A Values Assessment

You possess the answers to your problems – the key is to learn to unlock them

Here’s a method I recommend when dentists are having some trouble determining whether they’re making the right changes or not. It’s what I used to create Quality Dental Plan (QDP), which was the solution I designed to address the problems I was having: stagnant growth, decreased revenue and far too much dependence on insurance. It’s a pretty simple approach made up of three steps, but if you do it right, you can create lasting change in your business.

1. Assess Your Values:

Begin by nailing down what your values are as a dentist and practice owner. What is important to you in your career? Identifying your values is the first step, but ultimately what we want to do is explore them and determine ways that they can help you meaningfully solve the problems that you’re facing.

  • Take a minute and quickly write down your values. These should be quick and off the cuff. Your values should be inherent and always there with you.
  • When you’re done, go through your list of values and assign them all a number from one to ten — one representing the value that’s most important to you and ten being the least important. Also, see if any of the values are similar enough to be combined. You want a simple, distinct list.
  • Any value that you’ve labeled six or higher should be removed from the list. That’s not to say those values aren’t important, but you want to focus on the five values that matter the most to you. At least for the short term.

2. Determine Why Your Values Are Important To You:

Now it’s time to really examine each of your values. For each one, ask yourself if that value is important to you because it’s moving you away from some sort of problem or towards some sort of goal.

Let me explain what I mean. My professional values are making my revenue goals, helping my patients, maintaining my peace of mind (not being frustrated with my business), evenly balancing my professional and personal life, enjoyment, simplicity and freedom.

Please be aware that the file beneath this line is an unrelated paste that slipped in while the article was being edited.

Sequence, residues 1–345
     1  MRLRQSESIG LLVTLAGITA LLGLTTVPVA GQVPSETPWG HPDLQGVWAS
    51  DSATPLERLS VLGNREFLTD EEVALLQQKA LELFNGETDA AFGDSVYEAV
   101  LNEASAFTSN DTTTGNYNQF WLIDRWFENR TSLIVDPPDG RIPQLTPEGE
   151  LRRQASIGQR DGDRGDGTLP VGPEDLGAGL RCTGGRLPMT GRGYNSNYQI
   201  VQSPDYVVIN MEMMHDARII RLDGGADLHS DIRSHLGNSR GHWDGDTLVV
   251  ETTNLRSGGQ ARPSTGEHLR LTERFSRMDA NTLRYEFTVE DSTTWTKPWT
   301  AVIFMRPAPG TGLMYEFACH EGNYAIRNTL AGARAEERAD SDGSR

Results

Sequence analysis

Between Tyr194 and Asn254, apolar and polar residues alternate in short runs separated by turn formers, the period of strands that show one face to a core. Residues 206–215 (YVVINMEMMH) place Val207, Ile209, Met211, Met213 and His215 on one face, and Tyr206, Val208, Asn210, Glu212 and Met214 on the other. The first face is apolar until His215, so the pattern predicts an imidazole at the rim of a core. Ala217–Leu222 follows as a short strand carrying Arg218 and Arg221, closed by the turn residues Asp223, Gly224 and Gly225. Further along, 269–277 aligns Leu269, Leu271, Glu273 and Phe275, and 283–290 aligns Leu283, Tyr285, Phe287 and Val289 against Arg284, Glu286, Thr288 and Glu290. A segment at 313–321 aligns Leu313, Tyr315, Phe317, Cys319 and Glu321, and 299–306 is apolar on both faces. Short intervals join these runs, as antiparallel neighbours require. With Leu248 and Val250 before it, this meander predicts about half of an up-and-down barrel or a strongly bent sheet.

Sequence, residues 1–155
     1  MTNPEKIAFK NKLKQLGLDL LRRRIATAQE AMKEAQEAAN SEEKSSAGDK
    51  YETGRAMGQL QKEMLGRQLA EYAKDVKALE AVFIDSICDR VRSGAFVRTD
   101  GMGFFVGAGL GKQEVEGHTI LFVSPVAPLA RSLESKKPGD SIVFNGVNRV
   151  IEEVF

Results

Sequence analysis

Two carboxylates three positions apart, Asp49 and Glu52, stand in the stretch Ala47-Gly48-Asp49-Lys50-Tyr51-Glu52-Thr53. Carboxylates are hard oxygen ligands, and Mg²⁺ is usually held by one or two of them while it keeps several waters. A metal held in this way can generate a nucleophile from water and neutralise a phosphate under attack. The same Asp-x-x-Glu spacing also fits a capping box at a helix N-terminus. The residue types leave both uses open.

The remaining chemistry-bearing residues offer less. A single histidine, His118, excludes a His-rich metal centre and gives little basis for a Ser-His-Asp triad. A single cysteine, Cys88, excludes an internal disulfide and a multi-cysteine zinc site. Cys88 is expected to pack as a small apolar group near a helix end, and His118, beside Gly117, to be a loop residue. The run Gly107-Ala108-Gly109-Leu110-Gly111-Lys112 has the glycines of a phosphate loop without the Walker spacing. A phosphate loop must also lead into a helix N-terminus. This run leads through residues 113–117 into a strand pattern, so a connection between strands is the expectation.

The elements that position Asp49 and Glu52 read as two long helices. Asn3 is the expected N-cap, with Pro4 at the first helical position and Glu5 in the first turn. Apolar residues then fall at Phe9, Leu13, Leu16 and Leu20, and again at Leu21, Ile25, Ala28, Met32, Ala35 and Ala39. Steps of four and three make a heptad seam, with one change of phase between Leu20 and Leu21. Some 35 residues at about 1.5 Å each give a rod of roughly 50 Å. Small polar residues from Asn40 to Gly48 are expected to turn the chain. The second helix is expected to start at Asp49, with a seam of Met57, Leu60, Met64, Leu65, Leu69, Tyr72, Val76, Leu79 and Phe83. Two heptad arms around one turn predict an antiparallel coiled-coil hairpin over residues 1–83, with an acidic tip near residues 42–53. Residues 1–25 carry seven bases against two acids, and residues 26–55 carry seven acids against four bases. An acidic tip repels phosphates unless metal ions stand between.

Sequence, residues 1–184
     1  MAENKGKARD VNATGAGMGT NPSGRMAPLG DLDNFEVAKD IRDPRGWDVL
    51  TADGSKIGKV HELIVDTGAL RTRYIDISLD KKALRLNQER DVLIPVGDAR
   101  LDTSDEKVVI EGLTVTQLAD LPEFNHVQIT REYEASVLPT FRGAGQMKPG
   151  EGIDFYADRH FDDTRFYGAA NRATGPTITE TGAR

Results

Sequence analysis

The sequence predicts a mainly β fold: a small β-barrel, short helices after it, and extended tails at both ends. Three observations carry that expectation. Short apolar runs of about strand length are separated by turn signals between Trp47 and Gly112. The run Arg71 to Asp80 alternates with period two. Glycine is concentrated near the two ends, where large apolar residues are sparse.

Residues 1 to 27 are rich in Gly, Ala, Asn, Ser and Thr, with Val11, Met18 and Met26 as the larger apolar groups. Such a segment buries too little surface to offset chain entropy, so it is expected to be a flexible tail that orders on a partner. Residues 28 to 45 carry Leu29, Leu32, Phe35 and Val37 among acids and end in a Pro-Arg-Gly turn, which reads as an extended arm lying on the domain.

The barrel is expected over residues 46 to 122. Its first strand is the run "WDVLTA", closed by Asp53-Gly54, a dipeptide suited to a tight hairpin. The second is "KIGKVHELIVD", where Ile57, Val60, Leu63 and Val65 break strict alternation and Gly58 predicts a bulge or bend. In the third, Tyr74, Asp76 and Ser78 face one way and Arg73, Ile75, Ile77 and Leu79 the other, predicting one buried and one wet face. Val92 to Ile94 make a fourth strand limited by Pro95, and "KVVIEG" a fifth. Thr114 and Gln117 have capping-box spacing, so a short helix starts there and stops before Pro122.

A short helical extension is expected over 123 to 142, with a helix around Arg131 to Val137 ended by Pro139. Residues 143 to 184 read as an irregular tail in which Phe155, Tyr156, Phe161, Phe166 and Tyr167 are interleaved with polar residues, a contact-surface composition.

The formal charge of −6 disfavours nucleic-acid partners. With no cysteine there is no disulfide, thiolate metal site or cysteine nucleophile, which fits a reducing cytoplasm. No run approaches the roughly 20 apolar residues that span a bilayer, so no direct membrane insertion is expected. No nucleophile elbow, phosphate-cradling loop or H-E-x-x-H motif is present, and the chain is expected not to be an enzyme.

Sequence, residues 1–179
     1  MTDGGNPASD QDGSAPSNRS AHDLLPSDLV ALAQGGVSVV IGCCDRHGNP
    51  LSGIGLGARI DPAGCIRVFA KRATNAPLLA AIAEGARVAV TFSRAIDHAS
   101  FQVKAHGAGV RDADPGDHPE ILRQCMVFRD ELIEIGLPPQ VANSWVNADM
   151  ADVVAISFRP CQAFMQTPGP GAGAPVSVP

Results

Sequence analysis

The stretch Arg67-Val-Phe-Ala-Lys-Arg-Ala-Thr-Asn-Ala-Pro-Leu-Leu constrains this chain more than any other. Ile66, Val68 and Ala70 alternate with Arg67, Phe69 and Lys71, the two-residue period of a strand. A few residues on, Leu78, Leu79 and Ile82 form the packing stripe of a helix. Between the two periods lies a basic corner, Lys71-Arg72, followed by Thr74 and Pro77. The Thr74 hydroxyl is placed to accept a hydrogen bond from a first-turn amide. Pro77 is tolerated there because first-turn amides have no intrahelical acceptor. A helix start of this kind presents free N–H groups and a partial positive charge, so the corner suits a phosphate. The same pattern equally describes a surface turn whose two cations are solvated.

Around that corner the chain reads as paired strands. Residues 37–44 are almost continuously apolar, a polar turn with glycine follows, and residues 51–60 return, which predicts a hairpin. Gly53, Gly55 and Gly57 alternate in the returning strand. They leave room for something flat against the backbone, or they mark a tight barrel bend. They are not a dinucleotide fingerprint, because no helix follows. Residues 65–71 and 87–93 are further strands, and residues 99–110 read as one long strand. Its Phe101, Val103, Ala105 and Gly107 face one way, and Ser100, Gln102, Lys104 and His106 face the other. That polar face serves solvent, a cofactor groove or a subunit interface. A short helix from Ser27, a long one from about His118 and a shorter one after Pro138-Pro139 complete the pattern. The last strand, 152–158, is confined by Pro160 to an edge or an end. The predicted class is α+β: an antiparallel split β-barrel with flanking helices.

Those are my values, but let’s pretend they’re yours. For the first one—achieving revenue goals—ask yourself if that’s a value because you’re trying to pay off the debt you accrued from college, dental school, and starting your practice. If it is, then you’re trying to move away from a problem. If it’s important because you want to add another operatory and take on a new associate, then you’re moving toward a goal.

What I suggest doing is assigning a percentage number from 1% to 100% based on where you currently are with each value. How close am I to the problem? How close to where I want to be?

Away From Problem                        Toward Goal/Solution

1% – – – – – – – – – – – – – – – – – – – – – 100%

The lower numbers are likely your bigger problems. These values represent urgent needs. The higher values represent ideals. Ideals are important and eventually you want to address all of them, but for first steps, it’s almost certainly your needs that you want to focus on

3. Adjusting Your Values To Put You On The Right Path:

Okay, you’ve identified what your values are and you know which ones represent the most urgent needs. Now let’s see what we can do to put you on the path to fulfilling them.

Look at all of the values that scored less than 50% on your scale. Going back to my list of values, let’s consider the final one: freedom. If the reason for this is because you’re spending far too much time dealing with insurance billing and losing good patients when they learn that something isn’t covered on their insurance, then you’re definitely moving away from a problem with this value. Let’s assign it a percentage score of 30%.

In theory, you want that number to be higher, and while ultimately that’s going to require making some changes to your practice, you can move it closer to the upper side of the scale just by adjusting the value so that it’s goal-oriented. “Freedom to run my practice free of insurance” can instead become “utilize new programs that allow me to succeed without insurance.” Now, you have a goal in sight and can look for opportunities that fulfill that goal. And you’re off and running.